On behalf of Emory University, President Gregory L. Fenves has joined Race to Zero, a coalition of educational institutions devoted to achieving zero carbon emissions. He also signed the Second Nature Climate Leadership Network presidents’ climate leadership commitment, joining 450 other institutions that have agreed to take actionable and trackable steps toward reducing greenhouse gas emissions.
Fenves took these actions at an Oct. 13 meeting with student leaders of the Emory Climate Coalition (ECC) to discuss the university’s sustainability initiatives. The meeting also included Ciannat Howett, associate vice president of resilience, sustainability and economic inclusion. Students initiated the meeting and brought these action items to their attention with the hope of cementing Emory as a leader in the push for sustainable campuses.
“Emory students understand that climate change is one of the most pressing challenges of our time and it’s inspiring to hear their ideas and work collaboratively to make Emory a leader in sustainability,” Fenves says. “Our latest actions will further our progress for the benefit of our campus community and the world.”
The ECC is comprised of three student groups: Emory Climate Organization (ECO), Emory Climate Analysis & Solutions Team (ECAST) and The Climate Reality Project Campus Corps: Emory University Chapter (ECRP). Student representatives from each organization attended the meeting with Fenves and Howett, including Clare McCarthy, ECRP president; Jack Miklaucic, ECAST co-president; Ben Levitt, ECRP co-founder; Eleanor Partington, ECRP co-founder; Erin Phillips, ECO and ECRP vice president; Jesus Palenzuela, ECO president; and Sydney Warner, ECAST co-president.
ECC describes itself as a coalition that works to “amplify student voices to promote greater action on the existential crisis of our generation: the climate emergency.” The ECC formed two years ago to plan the first Emory climate strike, part of a string of global protests that took place on Sept. 24, 2019. Two hundred people attended that first strike, which encouraged the group to continue its efforts.
“As environmental scientists and climate advocates, but more importantly as young people on Earth, we recognize the impact climate change will have on the lives of us and those around us,” said ECC leaders in an email regarding the meeting. “As Emory students, we believe the biggest way of individually making an impact on the climate crisis is through our collective influence as members of this institution.”
Even with many students attending classes remotely due to the COVID-19 pandemic, this spring ECC planned a climate week, featuring a virtual rally on Earth Day. They also came back together this fall to organize another climate strike, which had more than 100 participants.
In addition to demonstrations, the individual organizations host a range of events, such as ECAST partnering with altKEY on a sustainable fashion guide, ECO participating in the Sustainable Food Fair and ECRP’s climate-themed Halloween costume contest. The whole point is to show fellow students how they can make a positive difference.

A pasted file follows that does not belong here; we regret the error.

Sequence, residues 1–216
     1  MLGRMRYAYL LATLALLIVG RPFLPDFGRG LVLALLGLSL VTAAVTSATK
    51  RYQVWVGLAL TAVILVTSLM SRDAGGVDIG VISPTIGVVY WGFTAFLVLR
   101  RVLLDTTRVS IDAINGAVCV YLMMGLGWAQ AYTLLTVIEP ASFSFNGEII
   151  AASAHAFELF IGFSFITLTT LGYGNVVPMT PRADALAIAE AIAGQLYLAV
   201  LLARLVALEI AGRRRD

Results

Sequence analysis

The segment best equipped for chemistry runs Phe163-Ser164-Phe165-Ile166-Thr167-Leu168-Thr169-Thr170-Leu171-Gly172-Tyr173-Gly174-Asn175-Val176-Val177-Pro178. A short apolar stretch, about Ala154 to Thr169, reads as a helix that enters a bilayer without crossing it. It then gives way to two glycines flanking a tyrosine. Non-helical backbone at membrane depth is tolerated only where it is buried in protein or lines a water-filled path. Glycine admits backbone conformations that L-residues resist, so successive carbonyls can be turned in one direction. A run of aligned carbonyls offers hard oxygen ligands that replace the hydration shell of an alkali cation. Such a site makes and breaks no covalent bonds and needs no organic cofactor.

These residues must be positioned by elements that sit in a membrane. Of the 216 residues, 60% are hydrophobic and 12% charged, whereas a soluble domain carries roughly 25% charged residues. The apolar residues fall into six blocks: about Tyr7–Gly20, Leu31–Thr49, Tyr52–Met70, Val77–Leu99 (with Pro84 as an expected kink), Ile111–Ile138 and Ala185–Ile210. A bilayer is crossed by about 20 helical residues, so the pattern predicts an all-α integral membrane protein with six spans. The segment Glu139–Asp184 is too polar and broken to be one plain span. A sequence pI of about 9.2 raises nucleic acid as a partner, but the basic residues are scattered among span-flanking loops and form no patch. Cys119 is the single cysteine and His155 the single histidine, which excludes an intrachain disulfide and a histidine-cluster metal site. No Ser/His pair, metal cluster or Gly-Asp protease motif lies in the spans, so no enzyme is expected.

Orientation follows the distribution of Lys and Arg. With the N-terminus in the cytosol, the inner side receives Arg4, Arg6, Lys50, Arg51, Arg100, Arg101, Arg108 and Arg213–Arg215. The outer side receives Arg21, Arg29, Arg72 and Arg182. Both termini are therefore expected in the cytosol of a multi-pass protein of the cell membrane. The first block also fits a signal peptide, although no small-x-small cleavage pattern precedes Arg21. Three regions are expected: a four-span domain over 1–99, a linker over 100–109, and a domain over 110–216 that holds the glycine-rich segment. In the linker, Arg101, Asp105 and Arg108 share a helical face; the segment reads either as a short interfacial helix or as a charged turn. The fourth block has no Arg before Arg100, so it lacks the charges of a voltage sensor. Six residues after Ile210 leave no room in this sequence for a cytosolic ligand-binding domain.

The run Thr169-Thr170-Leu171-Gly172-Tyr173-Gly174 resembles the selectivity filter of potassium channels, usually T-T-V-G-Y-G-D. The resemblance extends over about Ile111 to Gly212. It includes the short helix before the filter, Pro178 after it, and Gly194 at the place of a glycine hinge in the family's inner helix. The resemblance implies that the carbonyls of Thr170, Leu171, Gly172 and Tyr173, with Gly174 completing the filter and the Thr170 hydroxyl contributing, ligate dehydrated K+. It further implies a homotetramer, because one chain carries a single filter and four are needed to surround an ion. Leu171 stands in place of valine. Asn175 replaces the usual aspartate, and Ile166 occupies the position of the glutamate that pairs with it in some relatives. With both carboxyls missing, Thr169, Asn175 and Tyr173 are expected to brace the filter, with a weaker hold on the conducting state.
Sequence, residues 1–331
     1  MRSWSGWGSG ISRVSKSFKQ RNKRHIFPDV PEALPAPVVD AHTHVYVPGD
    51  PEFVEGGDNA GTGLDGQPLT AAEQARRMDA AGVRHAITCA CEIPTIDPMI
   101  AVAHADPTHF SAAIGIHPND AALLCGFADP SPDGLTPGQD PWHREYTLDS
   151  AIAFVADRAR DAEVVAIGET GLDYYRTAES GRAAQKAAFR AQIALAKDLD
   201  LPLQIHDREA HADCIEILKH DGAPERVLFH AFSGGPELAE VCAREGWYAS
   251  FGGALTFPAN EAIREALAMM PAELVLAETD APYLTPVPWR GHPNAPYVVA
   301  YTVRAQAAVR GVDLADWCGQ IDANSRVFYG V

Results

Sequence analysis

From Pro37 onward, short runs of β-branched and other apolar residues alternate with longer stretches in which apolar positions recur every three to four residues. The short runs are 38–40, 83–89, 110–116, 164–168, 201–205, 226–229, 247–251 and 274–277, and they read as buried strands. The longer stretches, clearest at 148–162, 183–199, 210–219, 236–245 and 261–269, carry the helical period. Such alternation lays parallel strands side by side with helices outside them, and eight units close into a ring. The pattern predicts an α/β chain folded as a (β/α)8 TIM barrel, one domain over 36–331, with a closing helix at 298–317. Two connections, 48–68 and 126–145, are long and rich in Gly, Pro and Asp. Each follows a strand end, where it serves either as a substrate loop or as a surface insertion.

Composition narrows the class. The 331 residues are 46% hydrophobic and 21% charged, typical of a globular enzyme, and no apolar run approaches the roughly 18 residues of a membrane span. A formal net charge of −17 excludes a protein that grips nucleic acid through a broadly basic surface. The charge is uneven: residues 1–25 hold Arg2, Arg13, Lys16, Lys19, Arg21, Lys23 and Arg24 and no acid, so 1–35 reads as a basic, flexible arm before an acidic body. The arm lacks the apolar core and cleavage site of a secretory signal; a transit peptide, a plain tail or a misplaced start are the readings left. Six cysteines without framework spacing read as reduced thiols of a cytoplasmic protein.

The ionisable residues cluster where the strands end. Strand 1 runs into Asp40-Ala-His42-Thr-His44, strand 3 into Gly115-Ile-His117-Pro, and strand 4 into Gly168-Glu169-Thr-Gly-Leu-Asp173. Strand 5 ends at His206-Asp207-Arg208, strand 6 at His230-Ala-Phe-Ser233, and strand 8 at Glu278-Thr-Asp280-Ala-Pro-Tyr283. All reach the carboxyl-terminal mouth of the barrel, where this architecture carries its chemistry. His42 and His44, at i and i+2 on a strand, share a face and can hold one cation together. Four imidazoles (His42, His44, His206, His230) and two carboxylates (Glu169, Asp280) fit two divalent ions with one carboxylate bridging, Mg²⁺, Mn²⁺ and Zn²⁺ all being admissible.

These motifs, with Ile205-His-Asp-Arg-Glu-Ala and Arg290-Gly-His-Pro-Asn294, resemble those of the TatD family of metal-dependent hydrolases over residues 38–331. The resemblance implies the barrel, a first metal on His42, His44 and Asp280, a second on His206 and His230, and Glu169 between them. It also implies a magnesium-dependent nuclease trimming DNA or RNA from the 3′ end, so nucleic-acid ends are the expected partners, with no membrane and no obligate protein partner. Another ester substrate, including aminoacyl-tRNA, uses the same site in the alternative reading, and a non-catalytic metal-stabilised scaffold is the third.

“Every ton of CO2 we can keep out of the atmosphere will play a part in mitigating the worst impacts of climate change and leaving us a habitable planet,” said members of the ECC. “Pursuing the actions that are within our collective power rather than standing idly by empowers us with a sense of hope and purpose that keeps us energized to continue the crucial fight against the climate crisis.”
In 2010, Emory released about 340,000 metric tons of CO2e — an amount that decreased 31% by 2019. Howett feels this reduction has Emory on track to meet its goal of 45% reduction from 2010 levels by 2030 and net zero by 2050, goals set in alignment with United Nations Intergovernmental Panel on Climate Change recommendations.
Over the last decade, Emory has made strides to reduce its carbon footprint, including a significant push toward renewable and solar energy. In 2020, Emory signed a solar power agreement with Cherry Street Energy to install more than 15,000 solar panels across 16 buildings on its Druid Hills campus.
Emory’s sustainability initiatives touch many areas, such as offering commute options that don’t rely on fossil fuels; supporting local growers and farmers through the Emory Farmers Market and Oxford College Organic Farm; and growing the Zero Waste Ambassadors program to spread the word about reducing waste on campus.
“The journey to net zero is going to require action from institutions and individuals and both are necessary,” said Howett. “Emory has to pursue this as doggedly as we can, but also our community members must do what they can in their homes, communities and places of worship. We all have to do our part, whether it’s as simple as composting and recycling to reduce methane gas emissions from landfills, or unplugging electronic devices when they’re not in use — all of that contributes to our goals.”
Since 2015, the university’s sustainability vision and strategic plan has been to achieve net zero carbon emissions by 2050. Students want to collaborate with administration to hopefully push up the date.
“We are eager to continue working with the university to achieve these goals and ensure that the implementation process treats the climate emergency with the urgency it deserves, centers climate justice and adequately represents the voices of students and community members,” the ECC wrote in a statement.
In addition to joining Race to Zero and signing the commitments, Fenves and Howett agreed to form a Climate Task Force, consisting of students, faculty and staff who will advise and provide feedback on the pathway to carbon neutrality. The task force is expected to start next fall.
For more information about Emory’s green initiatives, visit sustainability.emory.edu.
Source: Emory News Source